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Home / Business / VC Brad Feld on WeWork, SoftBank, and why venture firms may need to slow down by 2020 – TechCrunch

VC Brad Feld on WeWork, SoftBank, and why venture firms may need to slow down by 2020 – TechCrunch



Yesterday we had a chance to talk to longtime venture investor Brad Feld from the Foundry Group, whose book "Venture Deals" was recently released for the fourth time for good reason. It's a magazine of knowledge, from how venture funds really work to term terms, from negotiation tactics to how to choose (and pay for) the right investment banker.

Feld was generous with his time and his advice to founders, many dozens of who had called in, the style of conference calls. In fact, you can find a complete printout of our conversation here if you are a member of Extra Crunch.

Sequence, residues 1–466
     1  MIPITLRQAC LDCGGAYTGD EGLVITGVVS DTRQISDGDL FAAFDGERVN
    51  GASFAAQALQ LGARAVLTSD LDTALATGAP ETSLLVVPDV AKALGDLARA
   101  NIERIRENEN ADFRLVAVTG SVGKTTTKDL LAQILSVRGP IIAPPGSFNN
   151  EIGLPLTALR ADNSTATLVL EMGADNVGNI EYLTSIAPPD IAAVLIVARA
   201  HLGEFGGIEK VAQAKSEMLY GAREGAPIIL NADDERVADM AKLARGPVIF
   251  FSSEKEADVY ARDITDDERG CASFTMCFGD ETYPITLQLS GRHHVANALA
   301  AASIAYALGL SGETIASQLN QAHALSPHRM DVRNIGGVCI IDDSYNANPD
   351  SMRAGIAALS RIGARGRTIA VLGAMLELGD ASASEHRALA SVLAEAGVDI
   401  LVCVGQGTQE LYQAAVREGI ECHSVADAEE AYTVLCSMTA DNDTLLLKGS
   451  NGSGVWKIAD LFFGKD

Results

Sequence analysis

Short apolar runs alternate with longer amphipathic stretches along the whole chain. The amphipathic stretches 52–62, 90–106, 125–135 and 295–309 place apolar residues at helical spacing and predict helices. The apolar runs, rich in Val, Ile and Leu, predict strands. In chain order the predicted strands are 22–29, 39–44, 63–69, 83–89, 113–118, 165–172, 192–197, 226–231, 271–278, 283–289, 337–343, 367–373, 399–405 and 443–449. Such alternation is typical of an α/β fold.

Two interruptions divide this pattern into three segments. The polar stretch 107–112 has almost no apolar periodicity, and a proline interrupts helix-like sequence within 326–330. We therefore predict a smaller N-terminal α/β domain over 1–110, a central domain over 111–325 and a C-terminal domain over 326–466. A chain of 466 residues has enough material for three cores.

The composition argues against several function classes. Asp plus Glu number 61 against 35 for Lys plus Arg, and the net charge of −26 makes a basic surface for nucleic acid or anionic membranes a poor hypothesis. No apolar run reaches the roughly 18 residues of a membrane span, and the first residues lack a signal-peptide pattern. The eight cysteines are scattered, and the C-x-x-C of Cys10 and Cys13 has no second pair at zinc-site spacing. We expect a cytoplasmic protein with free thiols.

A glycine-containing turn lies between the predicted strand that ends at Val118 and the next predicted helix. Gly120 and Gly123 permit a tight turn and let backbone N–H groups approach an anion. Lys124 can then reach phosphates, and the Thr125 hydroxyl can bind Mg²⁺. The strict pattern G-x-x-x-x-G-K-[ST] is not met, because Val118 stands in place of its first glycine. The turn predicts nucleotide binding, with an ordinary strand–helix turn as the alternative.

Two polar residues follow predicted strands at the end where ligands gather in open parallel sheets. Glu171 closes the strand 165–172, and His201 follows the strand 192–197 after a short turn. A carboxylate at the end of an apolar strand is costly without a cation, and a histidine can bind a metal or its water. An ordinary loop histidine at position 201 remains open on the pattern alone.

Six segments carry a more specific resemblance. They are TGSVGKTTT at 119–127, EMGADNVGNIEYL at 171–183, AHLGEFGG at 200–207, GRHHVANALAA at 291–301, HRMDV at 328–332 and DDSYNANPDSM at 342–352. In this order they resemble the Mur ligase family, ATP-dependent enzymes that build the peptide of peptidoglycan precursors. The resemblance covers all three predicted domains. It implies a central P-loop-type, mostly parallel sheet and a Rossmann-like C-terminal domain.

Meanwhile, we thought we would highlight some of our favorite parts of the conversation. One of these concerns SoftBank, an organization that Feld knows a little better than many other investors. We also discussed what happened at WeWork and specifically the difference between a cult-like leader and a visionary ̵

1; and why it's not always clear right away whether a founder is one or the other. These excerpts are edited for length and clarity.

TC: We were just talking about startups that raised a lot of money, and talked about it, you were involved in SoftBank a long time ago. Your software company had raised capital from SoftBank, and later you worked for the company as an investor. This way was ahead of the Vision Fund, but you knew Masayoshi Son, which makes me wonder: what do you think about how they have invested their capital?